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Great Virginia Teach-in Data and Reporting Systems Teacher Preparation and Out of Field Teaching Recruitment and Retention Professional Development and Specialized Knowledge Research, Evaluation, and Policy The Great Virginia Teach-In is a recruiting and information fair designed for teachers considering a career move to Virginia, for students enrolled in teacher preparation programs, for liberal arts students considering teaching as a career, and for professionals in other fields who are interested in making a move into a teaching career. The Great Virginia Teach-In connects prospective teachers with representatives from all Virginia school divisions, teacher preparation programs, career switcher programs, and specialists from the Virginia Department of Education. Over the last three Teach-In events, more than 8,490 prospective teachers attended the Great Virginia Teach-In. The Great Virginia Teach-In was developed to assist all school divisions in Virginia, especially those in the more remote areas of the state, reach their hiring targets of highly qualified teachers. In three years, 8,490 potential teacher candidates have attended the Great Teach-In event. 2004 2005 2006 102 113 113 # divisions represented 3,824 2,395 2,271 # participants The first Great Virginia Teach-In was held in March 2004, and has been held annually each spring since that time. An evaluation report is compiled each year to make improvements for subsequent offerings of the Great Virginia Teach-In. Teacher Quality Enhancement Grant

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Virginia’s State Teacher Equity Plan Program Details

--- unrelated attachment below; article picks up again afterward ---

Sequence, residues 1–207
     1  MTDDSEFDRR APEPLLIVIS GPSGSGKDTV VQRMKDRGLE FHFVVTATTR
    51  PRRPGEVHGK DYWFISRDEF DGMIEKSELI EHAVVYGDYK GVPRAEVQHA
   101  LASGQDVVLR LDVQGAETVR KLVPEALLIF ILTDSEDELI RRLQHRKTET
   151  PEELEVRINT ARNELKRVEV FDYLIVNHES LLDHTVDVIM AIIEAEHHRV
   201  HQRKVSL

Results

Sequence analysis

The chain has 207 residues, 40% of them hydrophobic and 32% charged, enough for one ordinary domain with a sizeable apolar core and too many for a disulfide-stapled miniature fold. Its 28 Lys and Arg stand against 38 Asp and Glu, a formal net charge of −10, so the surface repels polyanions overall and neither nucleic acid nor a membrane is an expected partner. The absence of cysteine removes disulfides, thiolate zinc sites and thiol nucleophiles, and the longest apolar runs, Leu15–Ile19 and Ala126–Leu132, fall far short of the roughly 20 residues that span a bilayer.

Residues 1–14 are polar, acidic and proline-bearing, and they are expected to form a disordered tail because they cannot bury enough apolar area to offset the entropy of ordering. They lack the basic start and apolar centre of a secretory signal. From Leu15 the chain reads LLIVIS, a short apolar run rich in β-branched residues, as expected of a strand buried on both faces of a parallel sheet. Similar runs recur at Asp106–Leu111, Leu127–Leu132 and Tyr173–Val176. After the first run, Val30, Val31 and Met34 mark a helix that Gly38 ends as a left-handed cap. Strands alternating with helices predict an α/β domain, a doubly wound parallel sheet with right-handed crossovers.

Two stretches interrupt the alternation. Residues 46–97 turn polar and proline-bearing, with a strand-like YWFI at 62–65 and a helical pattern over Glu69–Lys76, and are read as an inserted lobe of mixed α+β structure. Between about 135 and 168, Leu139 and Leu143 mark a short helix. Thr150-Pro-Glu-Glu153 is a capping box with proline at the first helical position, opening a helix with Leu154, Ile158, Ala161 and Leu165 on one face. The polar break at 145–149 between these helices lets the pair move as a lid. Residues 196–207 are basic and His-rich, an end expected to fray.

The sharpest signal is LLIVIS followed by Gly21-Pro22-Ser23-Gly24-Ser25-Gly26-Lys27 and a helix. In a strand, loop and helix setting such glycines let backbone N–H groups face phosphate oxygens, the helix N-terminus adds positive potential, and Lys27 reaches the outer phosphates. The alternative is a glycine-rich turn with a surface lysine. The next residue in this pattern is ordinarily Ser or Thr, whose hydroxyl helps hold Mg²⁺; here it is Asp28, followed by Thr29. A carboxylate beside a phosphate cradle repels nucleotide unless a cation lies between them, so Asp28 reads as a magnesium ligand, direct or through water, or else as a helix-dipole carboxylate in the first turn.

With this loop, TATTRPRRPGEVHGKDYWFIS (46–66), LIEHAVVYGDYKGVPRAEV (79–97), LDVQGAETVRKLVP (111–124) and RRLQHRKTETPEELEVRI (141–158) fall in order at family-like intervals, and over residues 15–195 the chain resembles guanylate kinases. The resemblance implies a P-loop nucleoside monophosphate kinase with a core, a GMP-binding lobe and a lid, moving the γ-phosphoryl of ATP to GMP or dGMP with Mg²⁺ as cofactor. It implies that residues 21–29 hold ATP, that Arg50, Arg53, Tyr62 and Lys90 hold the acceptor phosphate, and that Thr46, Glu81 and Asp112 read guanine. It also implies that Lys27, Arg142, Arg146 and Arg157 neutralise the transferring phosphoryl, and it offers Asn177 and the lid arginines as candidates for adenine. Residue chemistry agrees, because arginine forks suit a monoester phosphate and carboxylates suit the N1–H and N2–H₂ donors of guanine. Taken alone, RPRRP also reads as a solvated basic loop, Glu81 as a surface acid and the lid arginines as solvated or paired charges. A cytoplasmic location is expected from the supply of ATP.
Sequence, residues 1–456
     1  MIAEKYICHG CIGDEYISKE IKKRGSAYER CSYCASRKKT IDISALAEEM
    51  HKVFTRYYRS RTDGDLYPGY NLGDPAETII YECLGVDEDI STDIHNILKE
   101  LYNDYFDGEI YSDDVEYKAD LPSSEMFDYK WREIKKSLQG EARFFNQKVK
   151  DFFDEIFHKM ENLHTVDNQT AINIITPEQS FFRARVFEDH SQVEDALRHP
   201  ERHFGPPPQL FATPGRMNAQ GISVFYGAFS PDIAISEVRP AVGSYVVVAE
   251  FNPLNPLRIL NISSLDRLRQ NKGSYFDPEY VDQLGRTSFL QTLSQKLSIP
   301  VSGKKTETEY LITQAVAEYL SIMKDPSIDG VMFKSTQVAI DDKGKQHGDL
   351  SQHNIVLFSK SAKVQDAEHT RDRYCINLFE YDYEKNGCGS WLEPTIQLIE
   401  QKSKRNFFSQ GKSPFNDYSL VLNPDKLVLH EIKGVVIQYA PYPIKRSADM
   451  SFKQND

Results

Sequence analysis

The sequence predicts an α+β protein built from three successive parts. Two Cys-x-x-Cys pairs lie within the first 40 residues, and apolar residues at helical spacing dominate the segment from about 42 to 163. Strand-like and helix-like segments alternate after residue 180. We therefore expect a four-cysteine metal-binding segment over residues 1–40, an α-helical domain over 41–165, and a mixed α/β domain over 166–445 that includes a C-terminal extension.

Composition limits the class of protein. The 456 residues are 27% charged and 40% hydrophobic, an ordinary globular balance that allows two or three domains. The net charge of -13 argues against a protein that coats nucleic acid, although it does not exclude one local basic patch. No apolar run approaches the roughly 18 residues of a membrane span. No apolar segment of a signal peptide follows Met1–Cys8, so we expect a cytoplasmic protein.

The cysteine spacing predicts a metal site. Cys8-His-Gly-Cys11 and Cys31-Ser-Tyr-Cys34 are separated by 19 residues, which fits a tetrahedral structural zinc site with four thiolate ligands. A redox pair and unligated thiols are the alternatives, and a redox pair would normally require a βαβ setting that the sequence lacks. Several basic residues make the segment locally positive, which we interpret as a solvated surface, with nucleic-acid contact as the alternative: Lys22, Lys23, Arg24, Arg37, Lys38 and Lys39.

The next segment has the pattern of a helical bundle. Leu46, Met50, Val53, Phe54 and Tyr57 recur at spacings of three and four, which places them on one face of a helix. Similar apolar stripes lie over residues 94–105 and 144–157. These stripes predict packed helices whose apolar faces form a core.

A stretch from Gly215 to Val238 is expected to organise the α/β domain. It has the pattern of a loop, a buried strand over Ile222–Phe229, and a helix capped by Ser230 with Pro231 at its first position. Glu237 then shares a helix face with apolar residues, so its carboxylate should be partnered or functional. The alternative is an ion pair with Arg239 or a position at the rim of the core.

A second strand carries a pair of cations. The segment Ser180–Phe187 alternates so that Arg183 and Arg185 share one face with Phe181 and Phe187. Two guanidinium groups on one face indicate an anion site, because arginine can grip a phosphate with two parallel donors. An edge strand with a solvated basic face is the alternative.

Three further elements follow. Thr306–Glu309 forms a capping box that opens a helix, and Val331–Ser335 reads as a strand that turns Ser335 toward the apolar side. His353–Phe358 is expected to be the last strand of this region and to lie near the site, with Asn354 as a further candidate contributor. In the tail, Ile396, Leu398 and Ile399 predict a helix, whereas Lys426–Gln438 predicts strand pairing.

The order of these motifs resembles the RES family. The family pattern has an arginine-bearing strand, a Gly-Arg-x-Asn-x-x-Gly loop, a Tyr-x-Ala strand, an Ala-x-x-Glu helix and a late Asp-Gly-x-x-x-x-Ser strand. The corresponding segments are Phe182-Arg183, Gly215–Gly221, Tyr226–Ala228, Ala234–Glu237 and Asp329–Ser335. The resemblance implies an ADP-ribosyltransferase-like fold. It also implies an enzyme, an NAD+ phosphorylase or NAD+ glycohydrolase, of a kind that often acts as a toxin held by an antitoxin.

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Hard-to-Staff Incentive Program Data and Reporting Systems Teacher Preparation and Out of Field Teaching Recruitment and Retention Professional Development and Specialized Knowledge Research, Evaluation, and Policy The original two-year pilot project capitalized on the concept of offering incentives to attract and retain licensed, highly qualified, experienced teachers in hard-to-staff schools, especially in middle and high schools where critical shortage areas are most likely to occur because of specific requirements to teach in certain content areas. Additionally, incentives were offered to the entire faculty of a school that succeeds in raising student achievement. The project began in fall 2004 in two divisions that traditionally have had difficulty hiring and retaining highly qualified teachers. The commonwealth provided a one-time hiring incentive of $15,000 to teachers who met defined criteria and agreed to remain for three years. Incentives were also included to stem the flow of experienced teachers from the division. Highly qualified teachers already teaching in the participating schools and who met the same criteria received annual $3,000 bonuses. The state also provided $500 stipends to all teachers in the schools during both years of the project to participate in training and professional development related to meeting the challenges of working in a hard-to-staff school. In year one of the pilot, schools received base funding of $150 per student to be used to improve working conditions of the school. In year two, schools that demonstrated increased student achievement as evidenced by at least a 10 percent reduction in the failure rate from the previous year on Standards of Learning (SOL) tests received base funding of $200 per student. At least 50 percent of the funds had to be used as salary incentives for all faculty members of the school. This project is funded entirely with Title II, Part A, funds. • According to data in the 2003 Consolidated State Performance Report, schools in Virginia that serve low socio-economic status and minority students had disproportionately fewer qualified teachers. On average, 20 percent of classes in high-poverty schools, and 12 percent of classes in low-poverty schools were taught by non highly qualified teachers. • For every point increase in the percentage of classes taught by highly qualified teachers, there is a three to six point increase in high school SOL pass rates and a three to five point increase in core subject pass rates for 8th grade. • For every 400 students, a one point increase in the percentage of highly qualified teachers would be associated with 9 to 20 more children passing their 8th grade writing test.